This project includes assisting program staff to provide technical assistance directly to landowners for planning sustainable agriculture practices, improved water management, and reduced fuel emissions in Mendocino and Lake Counties. The fellow may work in a team or individually to contact, assist, and follow up with producers. The fellow will contribute to the following project outcomes: Completed applications, suggested plant lists, site maps, long term partnerships, and successful implementation.
3. Groundwater Elevation and Invasive Species Monitoring for Mendocino County
The GrizzlyCorps Fellow will support water resources staff in both groundwater elevation and invasive Quagga Zebra Mussels monitoring. Fellows will be trained in proper procedure for monitoring, data collection and data management. Desired outcomes include on-going high-quality data, reports, or presentations on the data.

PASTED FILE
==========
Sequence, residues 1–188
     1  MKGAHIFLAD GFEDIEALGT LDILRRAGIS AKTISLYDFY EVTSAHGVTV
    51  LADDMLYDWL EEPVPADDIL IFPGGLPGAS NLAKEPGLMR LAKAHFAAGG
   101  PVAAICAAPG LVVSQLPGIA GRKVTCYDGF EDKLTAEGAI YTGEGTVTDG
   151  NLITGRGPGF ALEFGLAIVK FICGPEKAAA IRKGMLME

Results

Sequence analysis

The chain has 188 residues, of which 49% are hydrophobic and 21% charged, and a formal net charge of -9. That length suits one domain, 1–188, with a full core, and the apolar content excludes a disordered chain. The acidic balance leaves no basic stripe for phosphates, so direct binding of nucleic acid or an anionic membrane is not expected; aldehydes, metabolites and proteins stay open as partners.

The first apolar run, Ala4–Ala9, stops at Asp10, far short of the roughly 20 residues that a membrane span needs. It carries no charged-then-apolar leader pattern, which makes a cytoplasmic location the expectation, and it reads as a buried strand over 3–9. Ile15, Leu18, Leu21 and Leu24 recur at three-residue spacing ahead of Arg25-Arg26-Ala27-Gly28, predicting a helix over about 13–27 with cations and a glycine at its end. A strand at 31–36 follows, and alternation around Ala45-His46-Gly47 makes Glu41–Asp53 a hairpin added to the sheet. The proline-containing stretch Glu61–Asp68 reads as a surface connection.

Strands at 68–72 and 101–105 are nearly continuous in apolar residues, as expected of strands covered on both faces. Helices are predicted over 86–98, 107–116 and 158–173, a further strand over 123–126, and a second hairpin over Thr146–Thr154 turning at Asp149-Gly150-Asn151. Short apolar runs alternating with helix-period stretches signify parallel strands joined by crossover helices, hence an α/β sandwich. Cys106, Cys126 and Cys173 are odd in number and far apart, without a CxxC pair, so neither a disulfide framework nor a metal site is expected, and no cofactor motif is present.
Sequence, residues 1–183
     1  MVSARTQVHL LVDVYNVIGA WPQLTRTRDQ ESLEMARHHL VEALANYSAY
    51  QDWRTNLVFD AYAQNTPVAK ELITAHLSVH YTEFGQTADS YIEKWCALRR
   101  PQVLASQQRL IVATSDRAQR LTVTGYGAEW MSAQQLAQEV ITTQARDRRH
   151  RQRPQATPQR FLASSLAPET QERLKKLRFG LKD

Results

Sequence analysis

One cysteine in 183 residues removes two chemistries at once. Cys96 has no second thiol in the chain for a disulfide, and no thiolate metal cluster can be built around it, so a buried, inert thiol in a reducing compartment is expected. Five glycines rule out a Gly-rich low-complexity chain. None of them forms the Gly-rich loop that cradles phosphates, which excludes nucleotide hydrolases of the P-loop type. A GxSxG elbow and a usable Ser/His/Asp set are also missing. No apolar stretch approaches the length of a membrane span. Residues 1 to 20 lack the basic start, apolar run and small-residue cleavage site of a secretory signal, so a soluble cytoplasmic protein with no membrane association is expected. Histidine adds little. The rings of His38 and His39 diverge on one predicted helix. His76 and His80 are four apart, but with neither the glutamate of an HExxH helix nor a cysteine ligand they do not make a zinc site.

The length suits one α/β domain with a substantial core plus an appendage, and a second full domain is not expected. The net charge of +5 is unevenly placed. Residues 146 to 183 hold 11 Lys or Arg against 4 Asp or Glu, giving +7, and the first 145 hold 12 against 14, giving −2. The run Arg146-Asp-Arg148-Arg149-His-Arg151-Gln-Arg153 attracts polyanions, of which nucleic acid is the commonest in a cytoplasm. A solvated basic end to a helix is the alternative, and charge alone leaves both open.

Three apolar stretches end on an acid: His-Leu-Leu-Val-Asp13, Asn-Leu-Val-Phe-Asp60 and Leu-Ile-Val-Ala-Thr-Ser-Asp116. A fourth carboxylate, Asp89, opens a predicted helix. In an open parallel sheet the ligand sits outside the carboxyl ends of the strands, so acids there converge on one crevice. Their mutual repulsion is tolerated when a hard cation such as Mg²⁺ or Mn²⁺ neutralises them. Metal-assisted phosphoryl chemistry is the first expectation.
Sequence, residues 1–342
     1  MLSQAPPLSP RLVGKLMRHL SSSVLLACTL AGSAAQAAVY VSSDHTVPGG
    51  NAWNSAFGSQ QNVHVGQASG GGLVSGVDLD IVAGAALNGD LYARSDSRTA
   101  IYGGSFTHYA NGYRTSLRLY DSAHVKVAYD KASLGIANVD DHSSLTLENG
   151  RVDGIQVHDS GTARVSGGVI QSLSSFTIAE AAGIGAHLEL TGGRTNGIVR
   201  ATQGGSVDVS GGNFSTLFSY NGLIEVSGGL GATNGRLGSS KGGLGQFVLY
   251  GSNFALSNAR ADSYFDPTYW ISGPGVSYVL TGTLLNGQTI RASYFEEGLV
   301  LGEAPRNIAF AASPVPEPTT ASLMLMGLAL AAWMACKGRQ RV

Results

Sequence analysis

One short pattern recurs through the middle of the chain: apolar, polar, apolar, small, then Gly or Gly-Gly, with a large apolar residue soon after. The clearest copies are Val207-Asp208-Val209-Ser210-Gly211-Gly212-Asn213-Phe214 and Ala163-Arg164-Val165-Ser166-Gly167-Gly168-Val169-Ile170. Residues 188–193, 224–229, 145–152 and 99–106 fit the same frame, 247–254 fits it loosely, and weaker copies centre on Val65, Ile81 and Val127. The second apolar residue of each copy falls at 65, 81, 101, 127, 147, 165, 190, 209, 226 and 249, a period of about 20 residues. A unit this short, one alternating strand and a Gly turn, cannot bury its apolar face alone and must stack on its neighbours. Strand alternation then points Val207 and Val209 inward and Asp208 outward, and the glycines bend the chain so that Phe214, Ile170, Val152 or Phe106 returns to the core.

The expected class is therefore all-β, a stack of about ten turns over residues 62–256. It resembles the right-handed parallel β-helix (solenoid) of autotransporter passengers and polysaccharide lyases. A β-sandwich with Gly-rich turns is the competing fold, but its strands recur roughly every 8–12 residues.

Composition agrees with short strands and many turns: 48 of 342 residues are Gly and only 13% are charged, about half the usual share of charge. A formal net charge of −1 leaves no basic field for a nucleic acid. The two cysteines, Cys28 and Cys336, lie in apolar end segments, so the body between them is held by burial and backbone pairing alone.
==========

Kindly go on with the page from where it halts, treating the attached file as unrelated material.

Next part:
4. Rural Tank Program for Water Security and Fire Preparedness in Mendocino County Disadvantaged Communities
This project will install rainwater catchment tanks at fire stations and residences to conserve streamflow in the summer, increase water self-reliance, reduce the risk of catastrophic fires, and protect endangered salmonids. The GrizzlyCorps fellow will assist with the following: communication with landowners, construction administration and implementation, sign design, and coordination with planning partners.
5. Outreach and Education Services
MCRCD lacks capacity for extensive outreach and education services. We rely on program staff to conduct their own outreach and create necessary materials, and struggle with a consistent online presence. A fellow will be partially devoted to engaging stakeholders and the public about programs and opportunities through social media posts, videos, and newsletters. Desired outcomes include weekly social media posts, and assistance with quarterly newsletters and an annual report.
6. Watershed Conservation through Streamflow Enhancement and Rural Road Improvement